Note: There is a lot happening in the world. This roundup focuses on the cleantech space, but should not suggest that other crises do not deserve our attention and efforts. With that caveat, here’s what I found most interesting in cleantech over the past month:

Analysts disagree on how COVID will impact electric vehicles in the US. In this article, one argues that lower fuel prices will dampen the appeal of electric vehicles. The other points out that fuel prices aren’t why people buy electric vehicles — they tend to be technology early adopters, climate enthusiasts, or people interested in the highest performance luxury cars; he argues sales will take off when automakers build electric vehicles consumers want to buy — namely crossover SUVs and trucks. My vote is for the second perspective. Link

The New York Times had a feature on this point as well, highlighting upcoming electric truck models and discussing how they will be a useful barometer for overall electric vehicle demand (since they are the types of vehicles that sell well). Link

Meanwhile, global electric vehicle sales are projected to decline 18% this year amidst the pandemic, although internal combustion vehicles are expected to decline even further (23%). Link


Form Energy announced a pilot with Great River Energy in Minnesota to deploy their unique long duration storage technology, which they project to be able to discharge for up to 150 hours (industry standard lithium ion batteries are best suited for shorter discharge periods such as 4 hours). If successful and cost effective, the technology would be an important tool in helping to increase the penetration of renewables on the grid. Link

A gigantic battery procurement is underway in California. Southern Cal Edison is contracting for 770 megawatts of battery storage for 2021. For context, that is significantly more than was procured in the entire United States in 2019. These deployments will help enable utilities to close natural gas plants as they work towards the state’s clean energy standard of 50% by 2030 and 100% by 2045. Link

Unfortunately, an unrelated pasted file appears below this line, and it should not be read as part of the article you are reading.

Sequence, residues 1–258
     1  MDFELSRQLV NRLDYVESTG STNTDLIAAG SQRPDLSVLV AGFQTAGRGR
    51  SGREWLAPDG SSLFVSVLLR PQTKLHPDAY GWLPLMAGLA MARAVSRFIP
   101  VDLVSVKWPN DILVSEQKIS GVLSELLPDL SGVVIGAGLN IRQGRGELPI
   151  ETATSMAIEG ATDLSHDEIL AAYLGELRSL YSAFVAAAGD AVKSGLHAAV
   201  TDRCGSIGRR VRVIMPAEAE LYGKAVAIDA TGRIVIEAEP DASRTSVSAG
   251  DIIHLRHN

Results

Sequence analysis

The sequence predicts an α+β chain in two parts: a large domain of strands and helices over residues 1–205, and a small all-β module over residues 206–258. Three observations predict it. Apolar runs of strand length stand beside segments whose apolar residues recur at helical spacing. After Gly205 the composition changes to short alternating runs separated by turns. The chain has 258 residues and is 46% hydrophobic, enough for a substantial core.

Uber made an investment in scooter company Lime, acquiring a significant minority stake. It had previously acquired another scooter company, Jump, but didn’t ever appear to successfully create significant synergies there. This move helps them exit the scooter operations space gracefully while maintaining a piece of the action. I don’t know if it’s the right one, but one lesson that could be learned from Uber’s experience here is that dealing with physical stuff is a larger execution challenge than they gave it credit for (while we see Uber-branded vehicles everywhere, they don’t own any of their productive assets, so managing a fleet in which you own all the assets looks pretty different from one in which you’re optimizing your marketplace platform). Happening at the peak of the pandemic, Lime took a big valuation cut amidst this fundraise. Despite this, I think there continue to be strong underlying fundamentals in the micromobility space (product demand, a service that adds value to the geographies in which it operates, potential for attractive unit economics if the companies can keep the scooters on the road). We can probably expect a bit more consolidation to come, especially as companies are stressed by international lockdowns. It appears that Bird and Lime are the best positioned to persevere; it will be interesting to see if Lyft remains in this segment or follows Uber and divests as well. (Lyft recently shrunk its scooter operations footprint and is only operating in about 6 markets now, but also owns Motivate, the largest bike share business in the U.S., so they may have more reasons to remain).

While there’s a lot of attention on how cars will see a resurgence post-lockdown, the Energy Gang’s Stephen Lacey made the point that micro-mobility solutions could see demand increase in response to COVID as well, as people in cities stay away from public transit. I agree — while of course cars will be more popular, they’re not practical for commuting in many dense urban areas. It costs $20 a day to park in the loop in Chicago, and it’s faster for me to get from my neighborhood to downtown via bike or scooter than it is via car at rush hour. Link